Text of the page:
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U.S. Air Force awards $768 million contract to Raytheon for AMRAAM missiles

Posted by Dylan Malyasov on


The U.S. Department of Defense and Raytheon Company announced an agreement worth about $768 million for Advanced Medium Range Air-to-Air Missile, also know as AMRAAM, Production Lot 33.

“Raytheon Missile Systems Co., Tucson, Arizona, has been awarded a $768,283,907 non-competitive fixed-price incentive (firm) contract for Advanced Medium Range Air-to-Air Missile (AMRAAM) Production Lot 33,” a Raytheon news release states. “This contract provides for the production of the AMRAAM missiles, captive air training missiles, guidance sections, AMRAAM telemetry system, spares and other production engineering support hardware.”

Work will be performed in Tucson, Arizona, with an expected completion date of Feb. 28, 2023. This contract involves unclassified foreign military sales to Australia, Belgium, Canada, Denmark, Indonesia, Japan, Kuwait, Morocco, Netherlands, Norway, Oman, Poland, Qatar, Romania, Saudi Arabia, Singapore, Slovakia, South Korea, Spain, Thailand, Turkey and United Kingdom, which accounts for 47% of the contract value.

The Air Force Life Cycle Management Center, Air Dominance Division Contracting Office, Eglin Air Force Base, Florida, is the contracting activity.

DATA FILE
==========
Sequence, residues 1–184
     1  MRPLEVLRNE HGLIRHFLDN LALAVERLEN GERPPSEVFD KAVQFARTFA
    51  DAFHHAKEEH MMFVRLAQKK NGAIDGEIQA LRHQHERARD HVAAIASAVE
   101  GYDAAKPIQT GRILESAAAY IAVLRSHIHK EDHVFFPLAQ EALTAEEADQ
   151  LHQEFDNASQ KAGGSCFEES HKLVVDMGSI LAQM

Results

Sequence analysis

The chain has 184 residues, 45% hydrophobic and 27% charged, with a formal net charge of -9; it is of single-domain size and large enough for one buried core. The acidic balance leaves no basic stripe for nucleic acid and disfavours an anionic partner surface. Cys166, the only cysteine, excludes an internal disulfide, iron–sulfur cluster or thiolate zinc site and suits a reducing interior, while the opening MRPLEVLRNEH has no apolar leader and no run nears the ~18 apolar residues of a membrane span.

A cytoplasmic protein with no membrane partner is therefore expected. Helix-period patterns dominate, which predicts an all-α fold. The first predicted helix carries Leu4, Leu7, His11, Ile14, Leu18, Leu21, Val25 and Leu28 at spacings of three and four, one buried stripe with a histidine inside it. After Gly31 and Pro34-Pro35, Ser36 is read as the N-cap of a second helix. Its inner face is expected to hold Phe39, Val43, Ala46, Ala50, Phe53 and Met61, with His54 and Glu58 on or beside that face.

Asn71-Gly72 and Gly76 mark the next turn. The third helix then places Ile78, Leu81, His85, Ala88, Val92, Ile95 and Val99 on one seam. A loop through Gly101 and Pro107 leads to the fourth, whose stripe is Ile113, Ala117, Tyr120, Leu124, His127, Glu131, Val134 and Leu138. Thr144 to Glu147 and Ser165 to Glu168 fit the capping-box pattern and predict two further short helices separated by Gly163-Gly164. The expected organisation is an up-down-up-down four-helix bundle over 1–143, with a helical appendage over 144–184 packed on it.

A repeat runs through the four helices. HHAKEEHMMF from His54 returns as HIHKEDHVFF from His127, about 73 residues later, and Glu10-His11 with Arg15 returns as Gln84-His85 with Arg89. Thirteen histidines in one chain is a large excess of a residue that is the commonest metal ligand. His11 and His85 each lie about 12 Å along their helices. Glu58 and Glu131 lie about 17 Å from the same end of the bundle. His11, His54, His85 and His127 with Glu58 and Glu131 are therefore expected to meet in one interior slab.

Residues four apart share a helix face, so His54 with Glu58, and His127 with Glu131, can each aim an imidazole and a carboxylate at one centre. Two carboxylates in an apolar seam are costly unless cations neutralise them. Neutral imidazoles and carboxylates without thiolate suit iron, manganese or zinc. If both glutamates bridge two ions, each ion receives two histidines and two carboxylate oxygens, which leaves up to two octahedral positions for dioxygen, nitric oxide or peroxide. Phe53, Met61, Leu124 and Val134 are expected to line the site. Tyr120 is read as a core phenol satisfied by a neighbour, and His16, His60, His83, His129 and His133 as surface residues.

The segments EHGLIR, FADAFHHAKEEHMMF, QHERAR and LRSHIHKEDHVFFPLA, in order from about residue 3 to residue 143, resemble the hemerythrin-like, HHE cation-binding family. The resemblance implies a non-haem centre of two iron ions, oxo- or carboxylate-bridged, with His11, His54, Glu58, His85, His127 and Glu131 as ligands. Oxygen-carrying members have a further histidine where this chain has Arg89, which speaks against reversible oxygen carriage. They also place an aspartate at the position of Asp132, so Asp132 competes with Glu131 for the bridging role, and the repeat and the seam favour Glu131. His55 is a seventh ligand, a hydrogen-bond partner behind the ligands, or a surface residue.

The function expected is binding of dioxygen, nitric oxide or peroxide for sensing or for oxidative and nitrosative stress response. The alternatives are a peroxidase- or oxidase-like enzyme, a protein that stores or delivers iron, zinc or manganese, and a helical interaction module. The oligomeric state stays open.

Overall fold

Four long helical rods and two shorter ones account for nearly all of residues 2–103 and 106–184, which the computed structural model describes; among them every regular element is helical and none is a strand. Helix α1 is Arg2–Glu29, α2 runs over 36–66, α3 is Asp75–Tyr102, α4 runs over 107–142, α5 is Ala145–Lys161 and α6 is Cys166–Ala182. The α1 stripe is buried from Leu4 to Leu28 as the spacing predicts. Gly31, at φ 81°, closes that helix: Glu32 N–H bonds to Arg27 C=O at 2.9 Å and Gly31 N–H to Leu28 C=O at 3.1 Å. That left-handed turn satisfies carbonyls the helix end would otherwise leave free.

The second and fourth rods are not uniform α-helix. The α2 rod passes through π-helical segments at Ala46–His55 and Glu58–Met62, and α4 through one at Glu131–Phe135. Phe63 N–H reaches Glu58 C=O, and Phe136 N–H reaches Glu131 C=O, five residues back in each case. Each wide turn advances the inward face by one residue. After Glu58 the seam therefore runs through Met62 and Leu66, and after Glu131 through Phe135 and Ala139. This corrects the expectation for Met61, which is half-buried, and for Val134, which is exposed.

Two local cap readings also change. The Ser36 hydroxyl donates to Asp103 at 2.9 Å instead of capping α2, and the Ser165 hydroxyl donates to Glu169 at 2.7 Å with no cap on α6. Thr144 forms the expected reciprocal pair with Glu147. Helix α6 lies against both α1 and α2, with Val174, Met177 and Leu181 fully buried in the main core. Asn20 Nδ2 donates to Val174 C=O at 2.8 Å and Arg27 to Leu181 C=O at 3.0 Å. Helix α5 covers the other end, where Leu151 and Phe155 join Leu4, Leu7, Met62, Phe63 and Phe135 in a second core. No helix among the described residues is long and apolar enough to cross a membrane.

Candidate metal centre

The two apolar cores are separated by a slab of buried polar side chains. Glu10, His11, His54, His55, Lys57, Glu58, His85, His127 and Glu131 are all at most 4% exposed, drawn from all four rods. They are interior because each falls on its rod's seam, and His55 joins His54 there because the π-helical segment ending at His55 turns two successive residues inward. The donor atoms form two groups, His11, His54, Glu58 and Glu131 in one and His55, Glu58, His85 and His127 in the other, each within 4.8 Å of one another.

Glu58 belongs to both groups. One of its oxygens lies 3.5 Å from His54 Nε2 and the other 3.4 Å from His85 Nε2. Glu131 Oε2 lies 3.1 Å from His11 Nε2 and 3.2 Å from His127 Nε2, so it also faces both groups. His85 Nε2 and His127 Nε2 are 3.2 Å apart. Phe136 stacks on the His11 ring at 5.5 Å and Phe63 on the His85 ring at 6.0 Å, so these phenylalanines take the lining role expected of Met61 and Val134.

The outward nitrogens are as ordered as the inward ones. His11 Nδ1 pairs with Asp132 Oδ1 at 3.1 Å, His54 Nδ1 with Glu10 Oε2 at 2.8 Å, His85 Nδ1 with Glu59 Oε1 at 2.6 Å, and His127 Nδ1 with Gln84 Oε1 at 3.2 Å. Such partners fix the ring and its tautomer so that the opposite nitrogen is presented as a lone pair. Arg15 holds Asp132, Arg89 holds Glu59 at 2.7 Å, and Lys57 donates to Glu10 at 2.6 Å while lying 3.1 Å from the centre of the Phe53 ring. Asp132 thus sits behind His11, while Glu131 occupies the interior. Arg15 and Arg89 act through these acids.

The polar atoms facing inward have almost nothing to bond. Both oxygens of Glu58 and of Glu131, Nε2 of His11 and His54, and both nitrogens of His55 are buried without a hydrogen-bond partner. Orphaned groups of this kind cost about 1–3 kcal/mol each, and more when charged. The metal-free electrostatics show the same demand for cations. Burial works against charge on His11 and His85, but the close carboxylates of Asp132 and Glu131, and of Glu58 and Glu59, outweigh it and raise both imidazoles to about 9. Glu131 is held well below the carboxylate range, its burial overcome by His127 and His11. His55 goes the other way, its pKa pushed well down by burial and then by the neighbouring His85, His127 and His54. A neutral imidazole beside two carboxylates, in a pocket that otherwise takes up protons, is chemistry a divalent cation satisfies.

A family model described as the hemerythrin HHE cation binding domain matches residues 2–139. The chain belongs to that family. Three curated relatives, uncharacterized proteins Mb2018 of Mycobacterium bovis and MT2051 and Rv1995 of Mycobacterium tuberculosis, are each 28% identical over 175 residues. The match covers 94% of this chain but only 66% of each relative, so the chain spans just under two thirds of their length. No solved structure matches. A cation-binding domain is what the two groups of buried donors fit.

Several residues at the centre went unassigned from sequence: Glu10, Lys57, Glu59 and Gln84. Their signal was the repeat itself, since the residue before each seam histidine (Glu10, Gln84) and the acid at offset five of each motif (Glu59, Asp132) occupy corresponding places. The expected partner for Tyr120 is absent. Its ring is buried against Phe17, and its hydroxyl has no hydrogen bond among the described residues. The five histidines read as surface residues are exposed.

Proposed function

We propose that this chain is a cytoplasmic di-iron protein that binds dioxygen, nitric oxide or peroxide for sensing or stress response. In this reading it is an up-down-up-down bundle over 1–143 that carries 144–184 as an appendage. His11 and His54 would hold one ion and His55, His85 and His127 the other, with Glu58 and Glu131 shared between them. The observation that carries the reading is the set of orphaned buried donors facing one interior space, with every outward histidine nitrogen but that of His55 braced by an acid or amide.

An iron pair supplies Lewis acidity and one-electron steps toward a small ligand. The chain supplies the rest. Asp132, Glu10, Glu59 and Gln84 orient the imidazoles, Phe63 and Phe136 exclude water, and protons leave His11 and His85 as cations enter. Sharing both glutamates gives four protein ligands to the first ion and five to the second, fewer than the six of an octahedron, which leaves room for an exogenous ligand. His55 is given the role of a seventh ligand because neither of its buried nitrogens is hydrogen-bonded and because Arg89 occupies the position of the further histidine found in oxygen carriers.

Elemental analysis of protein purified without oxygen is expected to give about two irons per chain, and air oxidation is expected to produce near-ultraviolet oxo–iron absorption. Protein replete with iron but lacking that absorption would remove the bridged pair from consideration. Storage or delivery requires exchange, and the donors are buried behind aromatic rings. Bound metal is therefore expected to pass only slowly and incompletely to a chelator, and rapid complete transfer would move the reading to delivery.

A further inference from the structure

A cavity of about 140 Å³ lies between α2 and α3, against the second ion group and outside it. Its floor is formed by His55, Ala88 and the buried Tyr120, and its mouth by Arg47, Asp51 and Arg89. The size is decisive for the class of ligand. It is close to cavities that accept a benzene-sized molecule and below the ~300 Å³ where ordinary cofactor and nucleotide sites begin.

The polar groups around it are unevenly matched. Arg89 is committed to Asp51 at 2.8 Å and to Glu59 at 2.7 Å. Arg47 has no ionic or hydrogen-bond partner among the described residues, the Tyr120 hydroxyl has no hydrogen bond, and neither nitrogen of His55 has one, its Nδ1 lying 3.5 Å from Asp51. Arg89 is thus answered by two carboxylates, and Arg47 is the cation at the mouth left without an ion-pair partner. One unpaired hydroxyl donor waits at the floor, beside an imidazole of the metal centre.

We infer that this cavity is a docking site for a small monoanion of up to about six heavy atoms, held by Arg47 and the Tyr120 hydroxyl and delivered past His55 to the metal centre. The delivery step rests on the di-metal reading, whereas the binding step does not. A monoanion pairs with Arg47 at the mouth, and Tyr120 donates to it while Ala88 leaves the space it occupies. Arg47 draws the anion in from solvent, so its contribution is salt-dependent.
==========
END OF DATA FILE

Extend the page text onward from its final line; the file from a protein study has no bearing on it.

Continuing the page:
The AMRAAM missile is a versatile and proven weapon with operational flexibility in a wide variety of scenarios, including air-to-air and surface-launch engagements. In the surface launch role, it is the baseline weapon on the NASAMS launcher.

In the air-to-air role, no other missile compares to the AMRAAM missile. The weapon’s advanced active guidance section provides aircrew with a high degree of combat flexibility and lethality. Its mature seeker design allows it to quickly find targets in the most combat challenging environments.

Procured by 37 countries including the U.S., the combat-proven AMRAAM missile has been integrated onto the F-15, F-16, F/A-18, F-22, Typhoon, Gripen, Tornado and Harrier. The AIM-120C5 and AIM-120C7 missiles are fully integrated onto the F-35 and support the U.S. Marine Corps’ F-35B initial operational capability as the only air-to-air missile qualified on the F-35.

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